Jason Vass Gallery
Curated by critic Michael Duncan, this 15-year survey consisting of 40 mixed media works, paintings, textiles and sculptures was evocatively entitled “Tree. Lingam. Void.” The exhibition offered an in-depth look into the artist’s ongoing exploration of the collective unconscious and shared universal symbologies as expressed in the archaic, folk and non-Western arts, and early Modernism. Many of the paintings recall the earthen-colored abstractions of Arthur Dove in their use of simplified radial and circular forms that suggest underlying spiritual currents in natural phenomena. A series of airbrushed works on textured paper are likewise reminiscent of the richly colored, emblematic forms of Marsden Hartley.
Like these visionary Modernists, Evans seems to have embraced the idea that natural subjects can inspire spiritual or mystical significance, from the diverse creation stories to the quietly meditative to consciousness-altering states. References to ancient Hindu motifs and sculptural forms such as the procreative lingam in the smaller paintings on paper seem to synchronize most with her sculptures—fantastically imaginative bronze and resin figures cast from assemblages of found natural materials such as leaves, twigs, ripe seed heads, dried flowers, twigs and branches she collects in the environs of her Venice home. Totemic, cross-cultural, boundary defying, they are often based on Gods/Goddesses such as Shiva, Kali, and Shakti or on mythological archetypes, fertility figures or ancient ritualistic pieces.
Allusions to elongated African statuary and pre-historic fetishes abound, with nods to Brancusi and Picasso, who were well known for such influences. In a constant interplay between the animal, vegetable and human realms, the cultural and the natural are blended: tree trunk torsos, mermaids, rearing cobra heads, bird/animal/human hybrids and diminutive elfin creatures are endowed with life-like limbs, heads and torsos that uncannily flop, fold, crease and droop like the plants from which they are derived. Most are placed on simple wooden platforms, some provided with additional elements such as mirrors which prompt and include self-reflection while gazing on the artworks.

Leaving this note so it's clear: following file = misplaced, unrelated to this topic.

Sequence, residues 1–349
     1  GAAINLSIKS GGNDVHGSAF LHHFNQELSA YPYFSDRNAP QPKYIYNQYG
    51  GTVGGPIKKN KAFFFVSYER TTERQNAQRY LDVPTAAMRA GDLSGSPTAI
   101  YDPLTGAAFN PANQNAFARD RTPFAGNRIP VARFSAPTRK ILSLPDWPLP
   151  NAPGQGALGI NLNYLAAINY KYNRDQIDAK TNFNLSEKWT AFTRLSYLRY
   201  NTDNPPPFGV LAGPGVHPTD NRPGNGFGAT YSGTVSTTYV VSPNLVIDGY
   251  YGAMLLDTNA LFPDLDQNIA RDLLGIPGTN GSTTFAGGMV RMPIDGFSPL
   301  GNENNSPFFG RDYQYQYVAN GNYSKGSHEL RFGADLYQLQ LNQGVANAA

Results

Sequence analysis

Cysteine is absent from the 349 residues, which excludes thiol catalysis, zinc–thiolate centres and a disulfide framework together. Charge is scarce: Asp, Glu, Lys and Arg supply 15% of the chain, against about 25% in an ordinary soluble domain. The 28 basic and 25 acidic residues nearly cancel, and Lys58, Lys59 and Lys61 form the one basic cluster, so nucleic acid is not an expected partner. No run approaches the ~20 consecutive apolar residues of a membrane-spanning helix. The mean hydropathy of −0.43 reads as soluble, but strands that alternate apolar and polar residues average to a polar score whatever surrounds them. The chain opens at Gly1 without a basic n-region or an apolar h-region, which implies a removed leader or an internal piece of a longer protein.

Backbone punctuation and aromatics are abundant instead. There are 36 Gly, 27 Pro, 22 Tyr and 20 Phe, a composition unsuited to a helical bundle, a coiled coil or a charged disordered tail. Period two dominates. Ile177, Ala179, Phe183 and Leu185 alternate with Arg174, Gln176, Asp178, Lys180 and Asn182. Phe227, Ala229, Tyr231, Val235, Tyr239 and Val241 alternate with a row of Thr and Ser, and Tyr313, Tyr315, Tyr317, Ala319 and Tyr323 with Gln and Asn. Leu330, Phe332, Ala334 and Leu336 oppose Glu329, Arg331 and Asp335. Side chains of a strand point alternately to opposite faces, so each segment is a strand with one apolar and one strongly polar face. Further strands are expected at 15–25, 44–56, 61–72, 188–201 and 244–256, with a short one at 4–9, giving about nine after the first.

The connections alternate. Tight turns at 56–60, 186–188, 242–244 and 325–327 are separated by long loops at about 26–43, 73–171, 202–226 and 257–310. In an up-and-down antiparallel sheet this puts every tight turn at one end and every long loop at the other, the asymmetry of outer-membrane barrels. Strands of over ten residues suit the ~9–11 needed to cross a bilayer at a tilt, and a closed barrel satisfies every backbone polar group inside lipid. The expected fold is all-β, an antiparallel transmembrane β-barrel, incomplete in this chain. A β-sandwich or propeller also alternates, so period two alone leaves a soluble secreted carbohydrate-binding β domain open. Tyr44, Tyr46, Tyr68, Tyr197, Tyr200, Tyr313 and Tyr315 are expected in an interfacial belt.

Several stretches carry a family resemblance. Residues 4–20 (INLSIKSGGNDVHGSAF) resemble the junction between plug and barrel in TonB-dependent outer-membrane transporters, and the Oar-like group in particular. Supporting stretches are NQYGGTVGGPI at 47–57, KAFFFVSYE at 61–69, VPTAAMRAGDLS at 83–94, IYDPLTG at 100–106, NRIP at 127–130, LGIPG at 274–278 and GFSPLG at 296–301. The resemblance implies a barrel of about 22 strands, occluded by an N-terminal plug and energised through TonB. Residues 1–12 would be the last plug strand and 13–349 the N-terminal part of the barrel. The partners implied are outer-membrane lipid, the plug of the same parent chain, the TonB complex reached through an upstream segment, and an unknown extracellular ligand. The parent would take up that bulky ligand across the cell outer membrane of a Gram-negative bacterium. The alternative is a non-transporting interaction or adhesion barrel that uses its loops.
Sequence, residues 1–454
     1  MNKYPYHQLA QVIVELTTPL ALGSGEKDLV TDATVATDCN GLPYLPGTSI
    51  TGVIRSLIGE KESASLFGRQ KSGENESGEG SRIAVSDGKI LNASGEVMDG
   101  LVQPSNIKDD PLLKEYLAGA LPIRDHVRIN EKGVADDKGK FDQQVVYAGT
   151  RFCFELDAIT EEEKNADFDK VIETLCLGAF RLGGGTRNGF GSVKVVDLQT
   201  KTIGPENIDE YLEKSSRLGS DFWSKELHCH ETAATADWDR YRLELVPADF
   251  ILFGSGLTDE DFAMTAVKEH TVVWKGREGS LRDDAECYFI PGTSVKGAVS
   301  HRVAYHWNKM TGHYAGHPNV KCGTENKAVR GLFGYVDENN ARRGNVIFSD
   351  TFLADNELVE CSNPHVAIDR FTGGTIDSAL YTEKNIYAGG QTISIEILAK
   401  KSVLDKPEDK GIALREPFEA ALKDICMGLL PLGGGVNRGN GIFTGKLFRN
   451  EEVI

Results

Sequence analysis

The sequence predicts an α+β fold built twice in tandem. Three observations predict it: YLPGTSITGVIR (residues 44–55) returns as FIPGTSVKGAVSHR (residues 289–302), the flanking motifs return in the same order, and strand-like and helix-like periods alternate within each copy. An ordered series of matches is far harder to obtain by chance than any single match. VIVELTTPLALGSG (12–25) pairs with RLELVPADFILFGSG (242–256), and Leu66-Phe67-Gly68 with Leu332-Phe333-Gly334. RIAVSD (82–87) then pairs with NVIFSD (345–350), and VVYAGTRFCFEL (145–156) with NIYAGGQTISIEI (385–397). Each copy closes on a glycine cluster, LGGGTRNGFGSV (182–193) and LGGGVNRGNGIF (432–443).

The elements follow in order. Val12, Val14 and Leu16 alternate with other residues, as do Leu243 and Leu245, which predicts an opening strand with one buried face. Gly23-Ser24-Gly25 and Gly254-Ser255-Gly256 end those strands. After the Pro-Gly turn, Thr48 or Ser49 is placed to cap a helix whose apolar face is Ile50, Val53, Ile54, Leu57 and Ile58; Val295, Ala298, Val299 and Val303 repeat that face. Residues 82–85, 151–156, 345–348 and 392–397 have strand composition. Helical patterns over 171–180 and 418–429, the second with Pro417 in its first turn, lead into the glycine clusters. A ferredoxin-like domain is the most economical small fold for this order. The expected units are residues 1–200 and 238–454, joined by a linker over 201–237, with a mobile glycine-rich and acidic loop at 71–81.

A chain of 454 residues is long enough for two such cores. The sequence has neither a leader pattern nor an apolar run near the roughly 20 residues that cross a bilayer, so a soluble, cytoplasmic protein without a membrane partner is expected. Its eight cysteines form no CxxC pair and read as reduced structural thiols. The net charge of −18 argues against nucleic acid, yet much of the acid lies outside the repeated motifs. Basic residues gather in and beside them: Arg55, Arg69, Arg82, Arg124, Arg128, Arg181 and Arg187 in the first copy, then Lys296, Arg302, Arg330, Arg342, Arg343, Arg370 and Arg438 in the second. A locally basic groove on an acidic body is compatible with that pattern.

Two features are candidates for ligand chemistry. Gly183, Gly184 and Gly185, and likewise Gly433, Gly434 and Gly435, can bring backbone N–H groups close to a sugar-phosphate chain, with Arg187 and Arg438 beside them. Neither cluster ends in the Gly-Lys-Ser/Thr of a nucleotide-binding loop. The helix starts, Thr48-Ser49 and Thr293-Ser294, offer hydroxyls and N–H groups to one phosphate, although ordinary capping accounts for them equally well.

Resolutely untechnological, these sculptures and paintings are metaphorical and redolent of preverbal times when human-made objects expressed a magical relationship and interdependence with nature, what Levi-Strauss described as “below the threshold of thought.” While dependence on technology, scientism and globalism has suppressed and erased such traces of the “primitive,” the pre-modern, the spiritual and the magical, and postmodernist theory has questioned the existence of universal values, Evans cherishes and reimagines the human commonalities within all traditions and temporalities. The convergences with early Modernism, ubiquitous in her work, are not a matter of appropriation or stylistic convenience but part of her deep conversation with the past: her entire body of work affirms an appreciation for the vital importance of the erotic, the non-human, the mysterious and the sacred—feeling the “dancing puppets deep in the interior life” as ecologist and philosopher Timothy Morton has written. Something to ponder while dealing with the complex issues confronting the planet today.